Due to expansion and contraction concerns, I had that small (8`x8`) portion of the concrete isolated....

  • Re:Ice cooler! (Score:4, Interesting)

    by Moryath (553296) on Wednesday August 26, 2009 @03:26PM (#29206579)

    Scratch that. Greater detail on the pics.

    He's barely going down at all. Maybe two feet deep, tops. His slab, at that depth, is going to have an insignificant (less than 15F) temperature difference with the external.

    Now if you go down SIGNIFICANT distance, you can reach an earth-neutral temperature. The further down you go (until you reach a stable point, which will depend on your local ground type) the cooler you will be.

    If he were to go down 10+ feet or so, and then set up the circuit like he is indicating, it wouldn't be too bad. As it stands, he's gonna have one of the most inadequate foundation slabs I've seen in any case, and his "copper pipe cooling" is not going to give him nearly the cooling he is hoping for. I hope to god he isn't in an area with frequent foundation shifts, or he's fucked as it is, copper piping or no.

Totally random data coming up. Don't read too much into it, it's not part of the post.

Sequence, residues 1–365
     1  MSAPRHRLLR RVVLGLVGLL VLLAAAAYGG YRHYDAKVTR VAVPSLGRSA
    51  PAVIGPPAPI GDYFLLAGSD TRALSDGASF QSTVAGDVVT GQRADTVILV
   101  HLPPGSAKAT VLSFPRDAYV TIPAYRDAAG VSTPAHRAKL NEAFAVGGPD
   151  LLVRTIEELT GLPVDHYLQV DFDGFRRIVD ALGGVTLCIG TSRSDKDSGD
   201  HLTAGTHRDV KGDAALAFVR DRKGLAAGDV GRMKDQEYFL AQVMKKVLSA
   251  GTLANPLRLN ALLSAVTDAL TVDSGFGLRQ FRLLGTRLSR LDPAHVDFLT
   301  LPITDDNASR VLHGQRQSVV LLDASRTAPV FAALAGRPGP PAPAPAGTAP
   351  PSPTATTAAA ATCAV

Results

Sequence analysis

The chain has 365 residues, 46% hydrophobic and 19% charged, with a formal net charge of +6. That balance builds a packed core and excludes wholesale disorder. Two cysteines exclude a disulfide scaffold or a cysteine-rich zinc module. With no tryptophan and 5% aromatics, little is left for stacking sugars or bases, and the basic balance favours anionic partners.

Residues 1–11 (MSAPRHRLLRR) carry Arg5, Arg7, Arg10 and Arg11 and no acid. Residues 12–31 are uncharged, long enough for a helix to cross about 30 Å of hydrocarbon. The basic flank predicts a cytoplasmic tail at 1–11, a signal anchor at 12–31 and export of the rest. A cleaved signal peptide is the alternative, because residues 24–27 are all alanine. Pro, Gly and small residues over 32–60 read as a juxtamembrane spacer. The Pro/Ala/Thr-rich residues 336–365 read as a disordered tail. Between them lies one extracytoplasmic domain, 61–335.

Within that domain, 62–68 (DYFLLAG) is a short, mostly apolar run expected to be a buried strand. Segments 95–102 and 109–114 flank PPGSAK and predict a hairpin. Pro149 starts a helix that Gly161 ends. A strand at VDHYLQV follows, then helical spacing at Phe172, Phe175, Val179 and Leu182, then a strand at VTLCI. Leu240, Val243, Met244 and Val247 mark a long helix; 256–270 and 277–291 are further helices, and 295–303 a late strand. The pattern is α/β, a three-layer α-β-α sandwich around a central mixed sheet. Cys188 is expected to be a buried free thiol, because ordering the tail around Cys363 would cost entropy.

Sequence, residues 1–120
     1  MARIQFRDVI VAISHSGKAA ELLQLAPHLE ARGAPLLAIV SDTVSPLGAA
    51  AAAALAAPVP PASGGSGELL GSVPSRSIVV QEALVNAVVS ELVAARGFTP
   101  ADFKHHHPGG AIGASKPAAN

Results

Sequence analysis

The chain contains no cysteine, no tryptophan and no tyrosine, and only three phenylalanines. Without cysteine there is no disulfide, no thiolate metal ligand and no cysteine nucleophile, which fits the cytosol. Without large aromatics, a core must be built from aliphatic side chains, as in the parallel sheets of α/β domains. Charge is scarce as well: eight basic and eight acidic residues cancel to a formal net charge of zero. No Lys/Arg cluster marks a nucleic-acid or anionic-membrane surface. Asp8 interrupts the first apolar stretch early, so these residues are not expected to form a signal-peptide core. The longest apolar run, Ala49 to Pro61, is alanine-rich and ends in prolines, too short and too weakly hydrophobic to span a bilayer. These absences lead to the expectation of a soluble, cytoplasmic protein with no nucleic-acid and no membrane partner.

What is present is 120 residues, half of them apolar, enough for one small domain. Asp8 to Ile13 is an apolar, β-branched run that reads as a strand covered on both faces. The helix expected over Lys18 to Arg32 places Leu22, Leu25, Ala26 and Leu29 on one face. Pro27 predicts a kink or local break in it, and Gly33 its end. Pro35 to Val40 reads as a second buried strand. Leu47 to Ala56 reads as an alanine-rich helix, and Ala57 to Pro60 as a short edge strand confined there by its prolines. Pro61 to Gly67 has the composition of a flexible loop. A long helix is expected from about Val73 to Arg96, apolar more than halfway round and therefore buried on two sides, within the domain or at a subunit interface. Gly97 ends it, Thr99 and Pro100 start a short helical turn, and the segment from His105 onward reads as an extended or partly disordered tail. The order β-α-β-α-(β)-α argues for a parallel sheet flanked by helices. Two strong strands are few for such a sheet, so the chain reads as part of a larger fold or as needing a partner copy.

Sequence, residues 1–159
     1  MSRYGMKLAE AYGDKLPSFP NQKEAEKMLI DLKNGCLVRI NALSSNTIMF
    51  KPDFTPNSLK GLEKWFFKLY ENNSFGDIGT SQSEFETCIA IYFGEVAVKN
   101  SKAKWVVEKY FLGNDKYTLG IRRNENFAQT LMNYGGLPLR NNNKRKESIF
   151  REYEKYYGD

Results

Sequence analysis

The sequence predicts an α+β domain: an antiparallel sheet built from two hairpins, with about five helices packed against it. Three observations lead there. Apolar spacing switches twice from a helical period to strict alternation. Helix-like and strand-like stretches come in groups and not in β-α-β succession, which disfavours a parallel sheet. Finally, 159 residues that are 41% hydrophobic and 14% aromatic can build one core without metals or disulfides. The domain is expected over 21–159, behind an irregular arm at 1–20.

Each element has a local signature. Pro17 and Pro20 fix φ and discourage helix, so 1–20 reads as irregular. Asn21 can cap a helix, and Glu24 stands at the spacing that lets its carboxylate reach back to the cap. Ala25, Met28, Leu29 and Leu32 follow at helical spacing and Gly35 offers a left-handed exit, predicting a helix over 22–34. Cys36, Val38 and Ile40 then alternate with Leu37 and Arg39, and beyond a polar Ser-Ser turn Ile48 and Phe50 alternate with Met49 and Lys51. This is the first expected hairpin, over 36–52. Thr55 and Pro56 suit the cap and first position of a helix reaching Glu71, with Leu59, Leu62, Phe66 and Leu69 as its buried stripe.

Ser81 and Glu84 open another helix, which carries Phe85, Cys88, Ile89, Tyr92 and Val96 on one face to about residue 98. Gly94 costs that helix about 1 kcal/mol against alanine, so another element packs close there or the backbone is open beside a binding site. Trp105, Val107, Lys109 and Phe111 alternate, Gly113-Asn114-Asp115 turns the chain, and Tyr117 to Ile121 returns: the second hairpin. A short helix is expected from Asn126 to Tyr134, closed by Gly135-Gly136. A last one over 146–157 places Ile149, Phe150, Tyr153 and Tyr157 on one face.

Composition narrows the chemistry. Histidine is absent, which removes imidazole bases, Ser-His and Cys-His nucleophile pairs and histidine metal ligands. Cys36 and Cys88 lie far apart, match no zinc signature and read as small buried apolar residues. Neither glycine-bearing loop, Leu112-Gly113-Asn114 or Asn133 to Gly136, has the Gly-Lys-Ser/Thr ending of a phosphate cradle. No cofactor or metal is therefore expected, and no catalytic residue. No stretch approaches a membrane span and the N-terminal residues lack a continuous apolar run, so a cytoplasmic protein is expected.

• by Brigadier (12956) on Wednesday August 26, 2009 @03:31PM (#29206645)

    I care;
    a.) how much copper, btw doesn't concrete corrode copper which is the reason why it isn't placed in the slab anyways.
    b.) for each layer of piping you put down you need an additional 3 inches of slab. proper embedment really requires 3" of coverage else the concrete will crack.
    c.)concrete curing is an exothermic reaction and it takes your typical slab at least a year to completely cure.

    Here is the best part, I'm assuming your in a cold climate with a reasonable frost line (otherwise this would be a stupid idea). If the water in teh pipes stop circulating and freeze it will crack the pipe and the concrete and cause I nice leak. again weakening the concrete overall stress.

    I'm IAAAA ( I am an actual architect) so heed the warning. Or do it properly.

  • by BetterSense (1398915) on Wednesday August 26, 2009 @03:32PM (#29206647)
    I'm a graduate student in materials science and I can tell you that recent graduate-level textbooks are beginning to state that "degrees kelvin" is acceptable usage. You can also find it all over the literature. Since I've never really heard a satisfying argument as to why "degrees Kelvin" is confusing, unclear or anything else, I'm ok with either usage.
  • by natehoy (1608657) on Wednesday August 26, 2009 @03:38PM (#29206737) Journal